Facebook’s new VR headset showed up barely a month ago, and we have our first Quest 2 update. It adds a ton of new features and, more importantly, reveals Facebook’s plans for VR. The Oculus Go has been discontinued, and sales of the Rift S will end in spring 2021, leaving only the Quest 2 and the AR Glasses that will come from Project Aria.
The Quest 2 update, V.23, was released on November 13, but Facebook distributes software updates over a few weeks, so you may not see it immediately. If you want to skip the wait, there are workarounds on Reddit and elsewhere using SideQuest. However, proceed down this path at your own risk. V.23 should arrive on your headset within the next two weeks. You can dig through the full Release Notes if you need more detail.
The one thing not included in the update is any resolution of the account issue. The Quest 2 is the best standalone VR headset available, but the Facebook account requirement continues to be a major source of controversy, especially in the corporate and education sectors. We know Facebook doesn’t want to budge on this issue, but we also know that many organizations (especially in Europe) are holding back purchasing it due to privacy concerns.
Features Released in the Quest 2 Update
The features in the update are what everyone has been asking for since the new headset arrived – 90Hz support, a fitness tracker, app gifting, better voice commands, and improved graphics. Let’s take a quick at each of the new features, some of which will also impact the original Quest.
When the Quest 2 launched, it basically offered only the promise of 90Hz support. The V.23 update brings it much quicker than anyone expected. Not only will VR experiences look more realistic in 90Hz, but it should also help some users in countering motion sickness. Of course, games and apps will have to support it, but there is a rapidly growing list of 90Hz experiences, including the following:
- Beat Saber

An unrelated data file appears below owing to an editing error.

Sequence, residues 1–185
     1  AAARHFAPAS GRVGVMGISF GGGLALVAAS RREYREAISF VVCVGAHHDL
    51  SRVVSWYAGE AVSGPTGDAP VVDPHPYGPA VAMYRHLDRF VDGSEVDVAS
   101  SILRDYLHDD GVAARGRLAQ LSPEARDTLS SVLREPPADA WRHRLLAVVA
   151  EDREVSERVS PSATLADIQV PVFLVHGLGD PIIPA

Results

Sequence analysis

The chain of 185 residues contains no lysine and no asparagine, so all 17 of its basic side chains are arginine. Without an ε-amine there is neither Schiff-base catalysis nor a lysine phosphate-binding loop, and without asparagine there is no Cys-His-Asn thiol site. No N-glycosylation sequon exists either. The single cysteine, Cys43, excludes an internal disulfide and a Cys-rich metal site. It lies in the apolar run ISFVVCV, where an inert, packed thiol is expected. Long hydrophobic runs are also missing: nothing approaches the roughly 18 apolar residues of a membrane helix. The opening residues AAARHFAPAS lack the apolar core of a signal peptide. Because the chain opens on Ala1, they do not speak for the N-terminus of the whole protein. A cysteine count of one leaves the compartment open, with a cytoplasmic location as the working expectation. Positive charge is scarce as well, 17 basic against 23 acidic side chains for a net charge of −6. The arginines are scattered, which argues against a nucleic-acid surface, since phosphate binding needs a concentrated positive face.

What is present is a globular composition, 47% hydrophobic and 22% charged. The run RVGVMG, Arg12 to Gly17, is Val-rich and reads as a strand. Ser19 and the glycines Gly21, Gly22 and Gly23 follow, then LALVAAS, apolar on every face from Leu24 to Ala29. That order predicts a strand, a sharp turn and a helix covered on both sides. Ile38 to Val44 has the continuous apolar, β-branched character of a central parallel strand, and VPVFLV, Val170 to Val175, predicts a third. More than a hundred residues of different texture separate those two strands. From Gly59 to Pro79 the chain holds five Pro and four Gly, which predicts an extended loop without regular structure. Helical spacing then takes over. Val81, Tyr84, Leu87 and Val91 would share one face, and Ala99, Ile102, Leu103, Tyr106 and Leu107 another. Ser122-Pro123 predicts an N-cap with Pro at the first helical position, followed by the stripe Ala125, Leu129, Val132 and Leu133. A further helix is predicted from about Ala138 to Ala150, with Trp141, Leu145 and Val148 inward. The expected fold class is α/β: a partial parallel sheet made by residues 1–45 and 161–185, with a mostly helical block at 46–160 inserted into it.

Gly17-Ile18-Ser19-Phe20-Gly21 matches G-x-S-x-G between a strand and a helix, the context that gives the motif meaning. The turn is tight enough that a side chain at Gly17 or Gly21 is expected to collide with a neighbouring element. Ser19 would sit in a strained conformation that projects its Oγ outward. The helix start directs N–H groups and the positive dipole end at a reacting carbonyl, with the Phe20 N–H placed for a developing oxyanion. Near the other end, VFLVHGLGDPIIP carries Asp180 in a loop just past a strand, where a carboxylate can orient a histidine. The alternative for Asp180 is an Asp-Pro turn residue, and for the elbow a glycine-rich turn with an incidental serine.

- Echo VR
- Job Simulator
- Racket: NX
- Space Pirate Trainer
- SUPERHOT VR
- Vacation Simulator
Hopefully, that list will expand to include non-game VR experiences in the near future. However, you don’t have to rely only on what Oculus provides. The Oculus Link Cable will support 90Hz which opens up 90Hz experiences available on SteamVR. The update also means that Oculus Link is finally out of beta and now an integral part of the Quest platform. That expanded range of content will benefit everyone in the VR community.
Oculus Move – A Fitness Tracker in your Headset
Oculus Move allows you to set daily goals and track progress based on estimated calories burned and time spent being physically active in VR.
Some may balk at implementing this feature with the mandated account requirement, though Facebook claims the data will only be stored locally on your HMD and not in the company’s hands. It’s also questionable how accurate a fitness tracker in your VR headset will be, and many users may opt for their Apple Watch or Android tracker instead. We’re regular users of the Supernatural VR fitness app but will continue to use it with an Apple Watch for the cardio data.
When you receive the Quest 2 update, Oculus Move may not be immediately available. According to the Oculus blog, it will be rolling out on a slightly later schedule beginning November 16th.
App Gifting Arrives